A Victorian surgeon rescues a heavily disfigured man who is mistreated while scraping a living as a side-show freak. Behind his monstrous façade, there is revealed a person of kindness, intelligence and sophistication.
As the American Civil War continues to rage, America's president struggles with continuing carnage on the battlefield as he fights with many inside his own cabinet on the decision to emancipate the slaves.
Retired Old West gunslinger William Munny (Clint Eastwood) reluctantly takes on one last job, with the help of his old partner Ned Logan (Morgan Freeman) and a young man, The "Schofield Kid" (Jaimz Woolvett).
Young Belfastian Gerry Conlon admits that he was in London at the time of the incident. He also admits that he is not a model citizen, having committed a petty robbery while in London. He does however profess his innocence when it comes to the bombing of the Guildford Pub in London in 1974, the event which killed several people inside. A self-professed non-political person, he and his three co-accused, dubbed the Guildford Four, are thought to be provisional members of the IRA. Their self-professed innocence is despite each having signed a statement of guilt which they claim were signed under duress. Their case includes having provable alibis for the time frame of the bombing. And eventually, Joe McAndrew, a known IRA member, admits to the bombing. Dubbed the Maguire Seven, seven others, primarily members of Gerry's extended family including his father Giuseppe, are accused of being accessories to the bombing. Following on the work initiated by Giuseppe, Gerry works on a campaign to ...Written by
Despite his executive producer credit, Gabriel Byrne distanced himself from the project, chiefly due to the liberties taken with the details of the story. See more »
When Gerry speaks with the attorney, the guard behind Gerry changes position in each shot. See more »
That was a good day's work, McAndrew. A good day's work.
Get away from me.
You're not looking me in the eye when you're speaking to me. You see, I know how to look at people without blinking as well. In all my god-forsaken life I have never known what it was like to want to kill somebody until now. You're a brave man, Joe. A brave man.
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I do not see this film as being political nonsense at all.Rather it serves as a warning of what can happen when blanket stereotyping is allowed to influence the course of justice.As Gareth Peirce (impressively portrayed by the excellent Emma Thompson) points out, the only reason Giueseppe Conlon and Co were tried in the first place was on the shaky premise that "they were bloody well Irish". As Irish people living in England in the 1970s, they must therefore have been terrorists.Logical?I thought not.The authorities never thought for a second that they might actually have been trying to escape that nonsense through carving out a new life for themselves in England.With a British public baying for blood, the police capitulated by picking up the first "paddies" they found and making an example of them, without making any serious efforts to root out the real perpetrators and ensuring they were rendered incapable of causing more harm through doling out lengthy imprisonments to them, as opposed to ruining the lives of an innocent family.Ironically of course such actions could well have served to make terrorist sympathisers out of the Conlons through the horrific treatment meted out to them!It didn't of course but there is always the danger in that type of case that a person could become embittered to that extent.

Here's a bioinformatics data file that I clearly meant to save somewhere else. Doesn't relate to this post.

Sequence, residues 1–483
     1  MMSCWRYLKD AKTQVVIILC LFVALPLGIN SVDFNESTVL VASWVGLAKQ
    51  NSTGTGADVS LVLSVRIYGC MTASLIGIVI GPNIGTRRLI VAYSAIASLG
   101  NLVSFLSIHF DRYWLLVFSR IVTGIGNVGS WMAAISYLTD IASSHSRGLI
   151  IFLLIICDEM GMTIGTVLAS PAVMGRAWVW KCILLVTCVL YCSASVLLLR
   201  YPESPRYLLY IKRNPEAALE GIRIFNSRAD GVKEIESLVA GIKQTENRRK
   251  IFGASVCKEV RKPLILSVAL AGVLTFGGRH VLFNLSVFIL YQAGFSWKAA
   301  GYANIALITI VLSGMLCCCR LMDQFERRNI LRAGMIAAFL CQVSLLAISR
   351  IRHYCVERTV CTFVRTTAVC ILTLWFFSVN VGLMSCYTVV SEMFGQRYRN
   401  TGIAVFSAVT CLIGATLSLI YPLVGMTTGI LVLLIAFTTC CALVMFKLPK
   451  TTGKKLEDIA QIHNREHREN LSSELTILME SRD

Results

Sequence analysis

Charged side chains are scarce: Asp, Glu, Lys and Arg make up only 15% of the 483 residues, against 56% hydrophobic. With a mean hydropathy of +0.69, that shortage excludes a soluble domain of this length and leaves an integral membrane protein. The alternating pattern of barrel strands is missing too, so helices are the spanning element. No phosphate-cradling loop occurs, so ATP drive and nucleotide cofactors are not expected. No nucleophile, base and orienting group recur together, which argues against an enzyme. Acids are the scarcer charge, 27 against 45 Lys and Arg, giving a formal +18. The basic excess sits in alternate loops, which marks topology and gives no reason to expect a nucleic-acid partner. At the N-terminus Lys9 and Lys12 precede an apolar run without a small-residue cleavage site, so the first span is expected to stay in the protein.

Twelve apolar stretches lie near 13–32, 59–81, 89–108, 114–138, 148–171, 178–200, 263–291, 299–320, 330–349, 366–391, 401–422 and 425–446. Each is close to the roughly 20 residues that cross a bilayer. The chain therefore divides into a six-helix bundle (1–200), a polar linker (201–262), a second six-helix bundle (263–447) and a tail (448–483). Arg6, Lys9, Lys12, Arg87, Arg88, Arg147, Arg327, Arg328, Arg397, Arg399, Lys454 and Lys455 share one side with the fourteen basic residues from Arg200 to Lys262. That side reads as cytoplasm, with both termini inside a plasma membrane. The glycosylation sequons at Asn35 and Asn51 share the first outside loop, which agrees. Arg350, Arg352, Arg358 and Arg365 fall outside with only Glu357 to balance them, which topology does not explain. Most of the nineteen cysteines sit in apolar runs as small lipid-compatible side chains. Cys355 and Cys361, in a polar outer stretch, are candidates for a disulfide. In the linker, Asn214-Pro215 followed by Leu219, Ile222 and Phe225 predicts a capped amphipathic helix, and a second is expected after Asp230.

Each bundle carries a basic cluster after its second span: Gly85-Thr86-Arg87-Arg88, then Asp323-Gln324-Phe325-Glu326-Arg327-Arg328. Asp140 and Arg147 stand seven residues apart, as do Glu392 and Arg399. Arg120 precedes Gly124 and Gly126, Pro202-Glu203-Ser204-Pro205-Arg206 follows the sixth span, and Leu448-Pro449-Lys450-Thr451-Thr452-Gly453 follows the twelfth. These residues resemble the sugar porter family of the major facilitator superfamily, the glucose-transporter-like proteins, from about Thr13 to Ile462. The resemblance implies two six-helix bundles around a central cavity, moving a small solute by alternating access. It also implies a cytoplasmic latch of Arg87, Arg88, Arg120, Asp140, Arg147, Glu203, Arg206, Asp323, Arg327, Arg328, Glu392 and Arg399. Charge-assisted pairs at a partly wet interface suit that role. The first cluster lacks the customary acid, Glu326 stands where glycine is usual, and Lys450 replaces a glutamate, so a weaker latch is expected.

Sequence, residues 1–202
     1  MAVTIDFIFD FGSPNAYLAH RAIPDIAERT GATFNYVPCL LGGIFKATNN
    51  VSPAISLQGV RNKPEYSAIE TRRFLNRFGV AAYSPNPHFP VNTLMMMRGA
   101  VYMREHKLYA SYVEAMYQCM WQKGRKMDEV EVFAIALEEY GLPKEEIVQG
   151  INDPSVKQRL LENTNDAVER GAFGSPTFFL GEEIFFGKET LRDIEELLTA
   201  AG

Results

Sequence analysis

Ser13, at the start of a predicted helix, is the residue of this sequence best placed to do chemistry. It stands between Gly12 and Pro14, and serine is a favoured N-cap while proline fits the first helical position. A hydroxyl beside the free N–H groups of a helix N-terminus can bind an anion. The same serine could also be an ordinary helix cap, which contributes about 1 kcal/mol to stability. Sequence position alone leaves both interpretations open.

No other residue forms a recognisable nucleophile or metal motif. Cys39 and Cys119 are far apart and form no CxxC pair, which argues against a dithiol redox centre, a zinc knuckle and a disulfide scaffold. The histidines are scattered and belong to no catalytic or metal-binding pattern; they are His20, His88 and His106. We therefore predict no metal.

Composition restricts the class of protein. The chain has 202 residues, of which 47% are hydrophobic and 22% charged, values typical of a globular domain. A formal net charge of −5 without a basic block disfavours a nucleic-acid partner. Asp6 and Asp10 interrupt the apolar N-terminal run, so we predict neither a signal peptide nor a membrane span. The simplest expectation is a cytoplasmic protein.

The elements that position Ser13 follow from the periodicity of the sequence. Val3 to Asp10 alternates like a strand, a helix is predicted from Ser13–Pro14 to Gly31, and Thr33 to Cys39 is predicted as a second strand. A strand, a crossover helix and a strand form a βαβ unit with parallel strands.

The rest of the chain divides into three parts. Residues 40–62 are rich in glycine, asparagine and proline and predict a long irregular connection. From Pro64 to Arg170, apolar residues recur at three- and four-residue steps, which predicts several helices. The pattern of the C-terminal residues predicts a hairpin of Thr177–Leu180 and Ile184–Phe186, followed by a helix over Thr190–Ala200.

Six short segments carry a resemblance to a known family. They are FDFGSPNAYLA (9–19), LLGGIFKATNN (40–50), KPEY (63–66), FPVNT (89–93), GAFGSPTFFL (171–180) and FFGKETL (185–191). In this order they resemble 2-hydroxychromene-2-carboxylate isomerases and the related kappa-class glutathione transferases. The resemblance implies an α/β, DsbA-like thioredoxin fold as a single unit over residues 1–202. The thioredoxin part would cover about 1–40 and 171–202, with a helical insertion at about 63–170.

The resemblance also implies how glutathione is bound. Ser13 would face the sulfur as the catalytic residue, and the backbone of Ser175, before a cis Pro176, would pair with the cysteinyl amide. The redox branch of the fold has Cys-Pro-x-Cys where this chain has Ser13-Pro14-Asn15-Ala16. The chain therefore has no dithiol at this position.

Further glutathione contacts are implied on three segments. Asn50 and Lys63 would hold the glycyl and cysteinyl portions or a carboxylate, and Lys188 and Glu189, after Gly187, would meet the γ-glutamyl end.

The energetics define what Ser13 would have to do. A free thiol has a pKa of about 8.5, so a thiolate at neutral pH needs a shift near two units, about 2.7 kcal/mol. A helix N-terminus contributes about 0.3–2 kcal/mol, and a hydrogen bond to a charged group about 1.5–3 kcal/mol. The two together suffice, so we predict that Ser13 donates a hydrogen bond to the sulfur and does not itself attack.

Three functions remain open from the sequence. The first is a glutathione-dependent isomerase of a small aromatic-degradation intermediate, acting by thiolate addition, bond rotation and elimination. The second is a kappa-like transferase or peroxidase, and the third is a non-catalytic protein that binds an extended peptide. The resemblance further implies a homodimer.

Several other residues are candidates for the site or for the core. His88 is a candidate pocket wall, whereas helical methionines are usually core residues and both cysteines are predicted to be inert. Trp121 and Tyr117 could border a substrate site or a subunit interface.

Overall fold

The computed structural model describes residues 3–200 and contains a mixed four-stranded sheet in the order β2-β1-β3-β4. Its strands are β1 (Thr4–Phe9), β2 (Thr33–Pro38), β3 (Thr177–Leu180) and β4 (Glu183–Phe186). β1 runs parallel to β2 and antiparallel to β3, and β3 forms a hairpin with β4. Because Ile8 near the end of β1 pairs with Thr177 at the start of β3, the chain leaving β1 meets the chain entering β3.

Obviously given the unstable climate of the time Irish people in England were sometimes regarded with suspicion,yet the fact remains that the events portrayed in the film were unacceptable in a supposed western democracy committed to the rule of law.While neither side was entirely innocent the fact remains that England was undeniably culpable in this instance, and the judiciary involved in the case must bear full responsibilty for the devestating effects of their knee-jerk ruling, given to appease an irrational and hysterical public.
In this respect the Conlons and Co can viably be seen by some as "Irish martyrs". While I am no fan of Hollywood fare which seeks to glamourise Irish terrorists at the expense of England who is invariably portrayed as the cold and unrelenting oppressor (inaccurate and unfair in the present day I feel) I strongly believe that in this case the criticism and negative portrayal of the English legal system is justified to a considerable extent.The film has especial resonance and significance for us today in the wake of al-Quaeda and the resultant perceptions of Muslims as a whole as being "the enemy" in certain quarters.The recent incarceration of an innocent Syrian who had lived his entire adult life in Canada, and who was imprisoned purely on the basis of his ethnicity, only serves to remind us of the perils of "judging a book by its cover" and making snap judgements, a danger which is admirably illustrated in this well-acted film.
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